Welcome to the third issue of The Vote Hemp
Weekly News Update! Every week members of
Hemp Board of Directors and our Media Team will help
to choose the best hemp news to present to you for
A special note this week. We welcome Patrick
Goggin to the Vote Hemp Board of Directors. Patrick
began working with Vote Hemp in 2001 on the HIA
DEA case. He has also taken an active role in
helping coordinate our efforts to support the
California Industrial Hemp Farming Act (AB 1147).
Patrick will surely be a valuable addition to our
With this gain we also have a loss. Erik
Rothenberg, one of Vote Hemp's long-time board
members, has moved on to pursue other interests and
business ventures. Erik has been an incredible asset
and wrote our Vote
Hemp Treatise A Renewal of Common Sense:
Case for Hemp in 21st Century America. It is
just as relevant today as it was when it was written
in 2001. If you have not read it lately, we suggest
that you take another look. We thank Erik for his
years of service and wish him well in his new
The hemp news this week features stories from
opposite sides of the globe. Hemp acreage is up in
Canada, and farmers, processors and manufacturers
finally making some money on hemp, but there are a
few cautions to be heeded as noted in the
Manitoba Co-operator story and Hemp Report
editorial. Also from the Canadian praries comes the
new farming guide Hemp
Production in Saskatchewan. It is well worth
From Australia come three stories on the
progress that is being made with hemp there.
Australia has a situation that is almost as weird as
that in the United States. They can grow hemp but
cannot use it for human consumption, whereas we
hemp but can use it for human consumption. Go
Please make a
to Vote Hemp today to help us fix the situation here in
We need and truly appreciate your support!
Weekly News Update Editor
|Spring 2006 Editorial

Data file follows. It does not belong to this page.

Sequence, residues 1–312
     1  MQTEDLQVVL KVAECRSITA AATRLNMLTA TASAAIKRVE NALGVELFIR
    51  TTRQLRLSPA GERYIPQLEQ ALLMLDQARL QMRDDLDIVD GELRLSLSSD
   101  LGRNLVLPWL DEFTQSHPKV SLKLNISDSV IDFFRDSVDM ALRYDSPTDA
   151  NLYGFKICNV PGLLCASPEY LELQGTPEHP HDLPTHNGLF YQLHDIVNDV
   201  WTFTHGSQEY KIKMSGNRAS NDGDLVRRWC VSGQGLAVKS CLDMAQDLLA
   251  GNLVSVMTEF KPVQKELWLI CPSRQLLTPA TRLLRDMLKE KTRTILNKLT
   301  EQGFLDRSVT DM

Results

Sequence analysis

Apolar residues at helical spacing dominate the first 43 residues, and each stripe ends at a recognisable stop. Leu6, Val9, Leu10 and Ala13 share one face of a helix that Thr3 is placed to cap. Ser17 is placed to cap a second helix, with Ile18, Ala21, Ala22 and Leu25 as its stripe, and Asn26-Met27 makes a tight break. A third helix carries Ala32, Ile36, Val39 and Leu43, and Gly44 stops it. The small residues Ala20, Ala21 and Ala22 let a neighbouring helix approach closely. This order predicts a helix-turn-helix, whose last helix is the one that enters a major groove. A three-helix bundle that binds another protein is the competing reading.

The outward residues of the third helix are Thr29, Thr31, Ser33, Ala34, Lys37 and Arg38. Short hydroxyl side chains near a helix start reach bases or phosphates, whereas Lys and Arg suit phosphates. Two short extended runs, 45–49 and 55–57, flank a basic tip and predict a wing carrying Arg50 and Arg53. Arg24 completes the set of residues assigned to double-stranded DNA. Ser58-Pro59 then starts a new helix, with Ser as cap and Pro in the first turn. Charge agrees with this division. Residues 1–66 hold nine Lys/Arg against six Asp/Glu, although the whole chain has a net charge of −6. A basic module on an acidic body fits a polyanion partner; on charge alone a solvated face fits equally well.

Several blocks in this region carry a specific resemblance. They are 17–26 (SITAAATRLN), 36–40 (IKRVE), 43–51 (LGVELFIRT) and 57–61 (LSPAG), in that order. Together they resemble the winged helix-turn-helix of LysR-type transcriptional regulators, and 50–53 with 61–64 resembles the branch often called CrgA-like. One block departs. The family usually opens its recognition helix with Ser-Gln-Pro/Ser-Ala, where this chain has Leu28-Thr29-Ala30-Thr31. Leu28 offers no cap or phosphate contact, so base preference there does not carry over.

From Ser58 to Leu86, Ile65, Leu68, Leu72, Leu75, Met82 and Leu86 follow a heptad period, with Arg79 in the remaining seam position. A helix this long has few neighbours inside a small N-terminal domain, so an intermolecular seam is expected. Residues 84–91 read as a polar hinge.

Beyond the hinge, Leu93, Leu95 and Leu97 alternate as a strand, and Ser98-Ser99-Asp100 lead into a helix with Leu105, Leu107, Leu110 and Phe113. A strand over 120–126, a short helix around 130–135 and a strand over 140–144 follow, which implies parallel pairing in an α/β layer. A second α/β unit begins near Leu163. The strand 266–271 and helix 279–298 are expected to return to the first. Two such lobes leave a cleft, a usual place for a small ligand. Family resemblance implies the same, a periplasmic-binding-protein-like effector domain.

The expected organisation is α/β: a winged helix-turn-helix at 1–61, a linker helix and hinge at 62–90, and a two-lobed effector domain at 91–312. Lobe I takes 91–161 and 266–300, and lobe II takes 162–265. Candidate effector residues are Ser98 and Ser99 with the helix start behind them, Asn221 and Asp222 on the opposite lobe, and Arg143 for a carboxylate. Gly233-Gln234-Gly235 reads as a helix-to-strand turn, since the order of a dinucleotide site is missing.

By Arthur Hanks
The Hemp Report
April 22, 2006
It's an interesting new era for Canada's hemp
industry. We're nine years in and companies are,
well, seeing green. Not just the green that spreads
its serrated leaves across field sections every
summer, or the Green that comes with making and
selling sustainably produced products (and no, it
isn't the green of jealousy) — it's the green of
After a few years of steady growth, the current
North American market for hempseed-derived products
is now calculated to be about $40 million. Some
companies have been consistently growing sales at
50% or more per year. New products continue to hit
the shelves, and distribution of these new products
continues to reach new retailers.
According to the most recent SPINS data, the
largest-selling categories of hemp foods in
2004-05 were hemp flour (protein bread), hemp nut
(snack/energy bars) and hemp protein powder.
And so for the fifth year running, cultivated
acreage of hemp is increasing.
|Hemp crop push is going to the dogs
By Nic Price
The Examiner - Tasmania, Australia
April 16, 2006
"Don't expect your pet to be hallucinating
rainbow cats or listening to Dylan music."
It's not a quote you would ordinarily expect from
a man launching a new product, but this isn't an
After eight years battling bureaucracy, Tasmanian
farmer Ian Rochfort has been granted government
approval and the first licence to use hemp seed
(Cannabis sativa) in a pet health food product.
Mr Rochfort's Hemp Hound Hors D'Oeuvres dog
biscuits, made from Tasmanian organic hemp seed, hit
shelves across the country this week.
|ABC Rural: Hemp goes on trial
By Eliza Wood
Australian Broadcasting Corporation
April 11, 2006
Industrial hemp has many uses including clothing,
health foods, and animal bedding — but the versatile
product is not taking off as quickly as one would
Hemp trials have been grown in North-West
Tasmania for a number of years, and this year’s crop
is currently being harvested.
A fifth of a hectare of Cannabis sativa is being
grown at the Forthside Research Station for
entrepreneur Ian Rochfort, who is developing a
business in hemp biscuits for dogs.
|Llewellyn backs hemp farming
ABC Online - Australia
April 13, 2006
New Tasmanian Minister for Primary Industries,
David Llewellyn, has promised to change Tasmania's
laws on hemp farming.
A Tasmanian company is being granted a licence
use hemp in dog biscuits after a seven-year fight
Mr Llewellyn says hemp grows well in the state,
and it could become a valuable Tasmanian
"I was not aware the hurdles in legislation here
in Tasmania are now making it a little more
difficult," he said.
Hemp acres more than double
By Bonnie Baltessen
April 21, 2006
Last year there were 12,000 acres in Manitoba,
with Canada reporting a total of 20,000 acres.
Manitoba was dubbed the hemp capital of
Keith Watson, diversification specialist with
Manitoba Agriculture, said the 30,000 acres to be
seeded in Manitoba would be mostly contracted acres.
With two Manitoba processors and a new one from
Alberta buying hemp, there is plenty of business to
"The Canadian total will be up quite a bit,"
Watson added, but declined to guess as to what the
Canadian total would be. "The major expansion will
be in Alberta and Saskatchewan," he said.